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Life Saving Victoria voices concerns over aquatic centre ramps

Life Saving Victoria voices concerns over aquatic centre ramps
October 22, 2019

With access ramps have become a standard component of new aquatic facilities over the last 20 years, with large metropolitan facilities often having accessible ramp options into multiple pool spaces, Andy Dennis, Life Saving Victoria's Manager - Aquatic Risk and Research has questioned whether the current approach to ramps is the best approach for the industry or whether there is a failing to understand and acknowledge some of the risks, costs and limitations which come with them.

In an advisory note, Dennis writes "ramps have become such a core feature in new facility design, that some newly planned pools include ramps into each body of water.

"Accessible entry options are a legal requirement for new public pool facilities, where the pool perimeter exceeds 40 metre in length. This requirement is clearly set out in the ‘Disability (Access to Premises - Buildings) Standard 2010’ and enforced in the Disability Discrimination Act 1992.

"But accessible ramps aren’t the only available option to achieve this requirement.

"Acceptable options include:

• A fixed or movable ramp and an aquatic wheelchair; or
• A zero-depth entry at a maximum gradient of 1:14 and an aquatic wheelchair; or
• A platform swimming pool lift and an aquatic wheelchair; or
• A sling-style swimming pool lift

"While the options above satisfy the requirement of the Standard, it seems that increasingly designers, architects and aquatic industry consultants are being advised that ramps are the option of choice for new or redevelopment facilities.

While ramps are a suitable option in some instances, this is not always the case, and it is important to acknowledge the three key risks which ramps introduce at a facility. These risks are i) patron safety, ii) lifeguard supervision and iii) reduced programmable space."

Dennis lists the following considerations:

Patron Safety: Ramps are an attractive nuisance for children and offer an area of shallow water enabling youngsters to run at break neck speed the way they would run into the water at the beach. The trips, slips and falls risk is significant and a regular matter for lifeguards to have to address. Climbing (or more to the point falling) is also a risk and can quickly become a hazard when young children end up in the deep water. Finally, entrapment is a risk. While the distances between handrails and pool walls is specified, entrapment of hands, feet and heads remains a risk. Whilst the outcome is usually just a bruise, sprain or strain, the potential injury is far more serious if the entrapment occurs beneath the surface.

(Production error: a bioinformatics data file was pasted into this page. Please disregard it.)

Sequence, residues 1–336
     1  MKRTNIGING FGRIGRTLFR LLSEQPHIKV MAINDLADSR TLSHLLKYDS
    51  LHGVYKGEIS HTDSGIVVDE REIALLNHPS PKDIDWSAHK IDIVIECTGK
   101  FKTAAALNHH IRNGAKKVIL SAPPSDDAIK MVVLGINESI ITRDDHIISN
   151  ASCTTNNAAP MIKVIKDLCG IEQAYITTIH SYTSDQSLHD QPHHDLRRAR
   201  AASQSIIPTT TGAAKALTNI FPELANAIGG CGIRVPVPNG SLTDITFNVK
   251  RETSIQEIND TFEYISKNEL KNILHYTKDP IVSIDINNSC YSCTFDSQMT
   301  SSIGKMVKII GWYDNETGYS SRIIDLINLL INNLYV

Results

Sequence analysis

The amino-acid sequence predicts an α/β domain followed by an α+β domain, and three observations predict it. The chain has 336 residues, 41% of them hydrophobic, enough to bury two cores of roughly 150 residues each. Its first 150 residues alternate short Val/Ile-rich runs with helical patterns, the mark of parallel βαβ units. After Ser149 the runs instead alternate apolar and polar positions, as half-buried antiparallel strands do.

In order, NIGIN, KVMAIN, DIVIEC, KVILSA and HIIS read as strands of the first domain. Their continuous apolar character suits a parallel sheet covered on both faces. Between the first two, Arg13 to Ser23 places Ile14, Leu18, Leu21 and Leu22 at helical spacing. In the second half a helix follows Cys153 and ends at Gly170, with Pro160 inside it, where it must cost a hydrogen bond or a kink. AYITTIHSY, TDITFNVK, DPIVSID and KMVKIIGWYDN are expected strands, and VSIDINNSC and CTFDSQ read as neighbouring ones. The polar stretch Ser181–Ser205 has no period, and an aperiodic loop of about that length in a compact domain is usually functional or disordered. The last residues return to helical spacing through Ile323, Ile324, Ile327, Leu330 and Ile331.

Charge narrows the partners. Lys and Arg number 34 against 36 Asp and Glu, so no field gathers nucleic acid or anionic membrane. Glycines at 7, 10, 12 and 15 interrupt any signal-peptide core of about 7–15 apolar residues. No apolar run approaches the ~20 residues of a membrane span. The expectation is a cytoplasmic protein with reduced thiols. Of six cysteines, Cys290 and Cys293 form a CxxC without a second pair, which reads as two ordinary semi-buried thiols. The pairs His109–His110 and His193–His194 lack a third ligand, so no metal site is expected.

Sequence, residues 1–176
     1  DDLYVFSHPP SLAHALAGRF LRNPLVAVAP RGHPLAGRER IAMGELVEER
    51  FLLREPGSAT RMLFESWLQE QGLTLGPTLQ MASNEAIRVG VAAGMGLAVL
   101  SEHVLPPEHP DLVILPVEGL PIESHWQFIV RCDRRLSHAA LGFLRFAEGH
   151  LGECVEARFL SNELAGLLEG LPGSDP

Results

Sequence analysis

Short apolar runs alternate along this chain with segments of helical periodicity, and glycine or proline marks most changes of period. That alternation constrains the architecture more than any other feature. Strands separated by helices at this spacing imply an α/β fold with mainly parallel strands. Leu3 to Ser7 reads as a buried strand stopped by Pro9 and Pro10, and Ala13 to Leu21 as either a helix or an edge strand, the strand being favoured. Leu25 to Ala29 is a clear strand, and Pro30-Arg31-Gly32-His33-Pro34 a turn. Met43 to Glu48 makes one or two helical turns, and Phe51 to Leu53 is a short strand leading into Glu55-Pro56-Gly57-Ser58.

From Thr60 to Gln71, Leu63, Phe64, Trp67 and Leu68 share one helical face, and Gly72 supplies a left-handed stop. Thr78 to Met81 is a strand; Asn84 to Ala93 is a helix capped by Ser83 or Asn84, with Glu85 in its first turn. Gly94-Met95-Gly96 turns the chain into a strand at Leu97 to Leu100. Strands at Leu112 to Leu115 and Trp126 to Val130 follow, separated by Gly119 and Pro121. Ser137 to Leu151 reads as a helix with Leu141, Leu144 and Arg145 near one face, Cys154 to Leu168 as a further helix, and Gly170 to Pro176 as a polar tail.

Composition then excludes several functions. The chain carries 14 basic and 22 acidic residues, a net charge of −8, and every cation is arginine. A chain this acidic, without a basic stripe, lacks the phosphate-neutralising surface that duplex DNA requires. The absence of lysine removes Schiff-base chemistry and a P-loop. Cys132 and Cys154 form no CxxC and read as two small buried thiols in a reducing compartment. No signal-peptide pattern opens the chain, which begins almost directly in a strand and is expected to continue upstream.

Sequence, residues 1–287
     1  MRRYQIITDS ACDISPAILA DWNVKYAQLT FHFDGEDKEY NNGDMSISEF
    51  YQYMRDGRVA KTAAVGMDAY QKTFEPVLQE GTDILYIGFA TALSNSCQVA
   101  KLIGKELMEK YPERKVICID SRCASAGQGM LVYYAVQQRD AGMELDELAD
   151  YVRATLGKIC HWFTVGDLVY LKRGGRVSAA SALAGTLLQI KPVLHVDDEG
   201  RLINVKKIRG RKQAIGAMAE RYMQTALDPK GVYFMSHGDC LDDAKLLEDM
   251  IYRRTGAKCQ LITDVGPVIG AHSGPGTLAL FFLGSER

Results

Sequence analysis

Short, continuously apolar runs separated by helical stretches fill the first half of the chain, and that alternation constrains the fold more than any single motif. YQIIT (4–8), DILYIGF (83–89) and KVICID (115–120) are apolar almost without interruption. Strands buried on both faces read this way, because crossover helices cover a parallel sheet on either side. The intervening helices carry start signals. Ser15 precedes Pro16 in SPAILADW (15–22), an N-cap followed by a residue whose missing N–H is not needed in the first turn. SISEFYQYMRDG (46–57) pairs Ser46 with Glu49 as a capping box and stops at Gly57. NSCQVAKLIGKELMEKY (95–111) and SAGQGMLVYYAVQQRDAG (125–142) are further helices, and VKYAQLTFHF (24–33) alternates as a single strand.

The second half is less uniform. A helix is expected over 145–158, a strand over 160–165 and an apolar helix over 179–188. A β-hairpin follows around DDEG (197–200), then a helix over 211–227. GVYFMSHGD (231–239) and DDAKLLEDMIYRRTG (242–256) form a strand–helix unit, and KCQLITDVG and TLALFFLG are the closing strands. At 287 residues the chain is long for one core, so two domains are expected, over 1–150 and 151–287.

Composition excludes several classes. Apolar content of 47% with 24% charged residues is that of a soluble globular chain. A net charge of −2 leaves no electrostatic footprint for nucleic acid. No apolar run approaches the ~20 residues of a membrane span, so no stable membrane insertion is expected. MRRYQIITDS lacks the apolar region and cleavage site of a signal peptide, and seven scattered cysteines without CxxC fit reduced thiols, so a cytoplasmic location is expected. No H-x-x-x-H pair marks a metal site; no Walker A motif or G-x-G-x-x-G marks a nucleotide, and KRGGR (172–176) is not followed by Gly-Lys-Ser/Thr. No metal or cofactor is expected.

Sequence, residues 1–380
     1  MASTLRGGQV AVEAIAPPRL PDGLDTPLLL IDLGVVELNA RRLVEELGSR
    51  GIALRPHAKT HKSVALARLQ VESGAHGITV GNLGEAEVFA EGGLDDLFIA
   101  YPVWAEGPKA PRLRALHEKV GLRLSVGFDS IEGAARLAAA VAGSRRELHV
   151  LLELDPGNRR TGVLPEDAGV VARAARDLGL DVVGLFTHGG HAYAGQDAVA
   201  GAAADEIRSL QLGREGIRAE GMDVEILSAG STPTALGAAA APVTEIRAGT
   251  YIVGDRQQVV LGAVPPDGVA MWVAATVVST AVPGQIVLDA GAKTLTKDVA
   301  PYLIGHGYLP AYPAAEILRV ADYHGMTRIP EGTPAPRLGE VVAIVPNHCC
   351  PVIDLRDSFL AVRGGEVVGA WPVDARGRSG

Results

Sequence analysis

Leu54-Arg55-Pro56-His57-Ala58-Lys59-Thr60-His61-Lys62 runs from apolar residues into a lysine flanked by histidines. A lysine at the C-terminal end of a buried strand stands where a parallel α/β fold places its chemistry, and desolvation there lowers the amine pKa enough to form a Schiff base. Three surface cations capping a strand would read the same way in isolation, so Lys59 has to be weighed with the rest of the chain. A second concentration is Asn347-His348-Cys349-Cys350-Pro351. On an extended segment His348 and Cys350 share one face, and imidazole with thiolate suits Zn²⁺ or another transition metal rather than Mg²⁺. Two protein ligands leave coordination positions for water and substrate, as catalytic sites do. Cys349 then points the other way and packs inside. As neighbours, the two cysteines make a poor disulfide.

Lifeguard Supervision: There are a variety of challenges which ramps introduce for supervising lifeguards. First and foremost there is the work required to address the safety matters above and continually work to keep the ramp free of young children. Secondly there is the line of sight issue associated with the ramp, whereby the lifeguard can’t see on the other side of the in-water wall regardless of how high they try. Thirdly there is the use of ramps linking pools and the associated risk of young children using the ramps unnoticed and working their way towards areas of deep water. And finally, there is the patient recovery and extraction challenge. There are currently no taught techniques for safe lifeguard water entry or patient extraction over the top of a ramp wall / handrail. This is a challenge and should be considered through in-service training. This is especially the case in deeper water where longer tows will likely be required.

Reduced Programable Space: In an industry which is continually being told that its operating costs are too high and where space is at a premium, consideration should be given to the opportunity cost associated with the incorporation of ramps. Each ramp is similar in size to a pool lane and the incorporation of two, three or even four ramps means the reduction of the programable space and the subsequent reduction in income generating potential. With so many facilities having waiting lists for swimming lessons and with the private learn to swim sector not taking the same approach to ramps, there is the risk that users will go elsewhere and might not come back.

Providing safe and suitable pool access to all members of the community must remain a key component in the design of any aquatic facility. However, there are multiple options to achieve this and the most suitable option should give consideration to a wide range of factors. These factors should include the ‘pro-ramp’ elements such as community expectations and population demographics, with equal consideration being given to the risks and restrictions including safety, supervision and available programmable space.

Main image used for illustrative purposes only. Lower image shows disabled hoist at the Sutherland Leisure Centre.

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